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It’s hard to imagine that Chaos Calling: Book I of The Xenthian Cycle would exist if I’d never taken a creative writing course with Nalo Hopkinson at the University of Toronto’s School of Continuing Studies.

Before taking the course, I’d finished a novel draft and was working on a second project. I was excited about my ideas. What I didn’t know was whether I could write. Close friends and family had read for me, but blindly trusting their opinions struck me as foolhardy.

What I wanted, of course, was feedback from people who weren’t invested in me.

I was working on U of T’s campus in Media Relations at the time. As a staff member, I only had to pay the tax to take a course through Continuing Studies. To this day, I deeply appreciate that benefit.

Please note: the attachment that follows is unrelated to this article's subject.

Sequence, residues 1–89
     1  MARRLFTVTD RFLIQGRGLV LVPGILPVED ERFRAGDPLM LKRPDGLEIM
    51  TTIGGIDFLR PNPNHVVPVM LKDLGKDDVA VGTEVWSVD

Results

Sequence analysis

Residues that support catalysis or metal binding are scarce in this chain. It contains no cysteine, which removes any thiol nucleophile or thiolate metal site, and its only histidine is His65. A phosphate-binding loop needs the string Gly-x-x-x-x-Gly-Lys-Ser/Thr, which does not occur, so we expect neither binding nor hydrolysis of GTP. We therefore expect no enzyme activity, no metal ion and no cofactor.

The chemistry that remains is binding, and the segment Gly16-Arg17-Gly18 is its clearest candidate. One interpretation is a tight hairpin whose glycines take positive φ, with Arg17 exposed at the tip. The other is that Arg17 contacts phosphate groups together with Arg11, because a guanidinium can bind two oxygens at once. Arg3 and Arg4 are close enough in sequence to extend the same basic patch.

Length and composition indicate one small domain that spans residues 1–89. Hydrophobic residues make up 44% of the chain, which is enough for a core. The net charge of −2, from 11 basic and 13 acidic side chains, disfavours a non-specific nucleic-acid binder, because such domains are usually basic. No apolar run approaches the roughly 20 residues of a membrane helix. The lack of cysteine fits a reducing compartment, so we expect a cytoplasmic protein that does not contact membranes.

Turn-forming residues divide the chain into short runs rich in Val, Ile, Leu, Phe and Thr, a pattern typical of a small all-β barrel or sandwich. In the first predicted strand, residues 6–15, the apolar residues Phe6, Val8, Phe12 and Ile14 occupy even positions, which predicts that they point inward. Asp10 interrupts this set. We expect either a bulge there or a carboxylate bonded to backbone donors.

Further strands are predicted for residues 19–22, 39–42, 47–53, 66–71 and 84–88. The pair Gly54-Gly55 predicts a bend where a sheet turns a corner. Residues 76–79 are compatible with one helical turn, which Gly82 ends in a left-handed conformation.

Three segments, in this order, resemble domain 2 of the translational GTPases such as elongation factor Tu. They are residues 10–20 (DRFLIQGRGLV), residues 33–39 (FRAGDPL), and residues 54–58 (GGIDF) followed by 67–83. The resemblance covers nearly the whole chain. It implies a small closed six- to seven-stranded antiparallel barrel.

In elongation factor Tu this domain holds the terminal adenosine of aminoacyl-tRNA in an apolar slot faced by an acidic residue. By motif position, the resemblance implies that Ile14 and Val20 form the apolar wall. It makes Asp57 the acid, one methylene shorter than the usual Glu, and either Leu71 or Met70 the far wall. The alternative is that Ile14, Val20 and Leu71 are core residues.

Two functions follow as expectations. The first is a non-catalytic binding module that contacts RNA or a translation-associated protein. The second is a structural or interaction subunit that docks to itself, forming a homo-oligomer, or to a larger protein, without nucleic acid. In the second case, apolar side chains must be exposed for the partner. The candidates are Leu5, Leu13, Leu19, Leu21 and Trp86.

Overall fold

Hopkinson is an award-winning speculative fiction author. She happened to be teaching creative writing at U of T the semester I signed up in 2005.

You can read about Hopkinson’s books on her website.
Brown Girl in the Ring is set in Toronto. It’s still my favourite, although I love the short stories in Skinfolk, too.

Through that course, I met my writing group. Hopkinson’s feedback sessions set the rules for our meetings over the next seven years. It was a transformational period in my life.

Diana continues to read my drafts. I named Anna and Malcolm’s son Tim to remember T. J. O’Neill, our late colleague.

Taking my School of Continuing Studies journey full circle

When I published Chaos Calling earlier this spring, I reached out to the school to thank them for the opportunity all those years ago. I told them about our writing group’s success. They were kind enough to post this piece about my experience and downstream success.

Thank you to the School of Continuing Studies’ Marketing team for featuring my work.

You can read the article on their website.

Curious about taking a course? You’ll find more information on their website.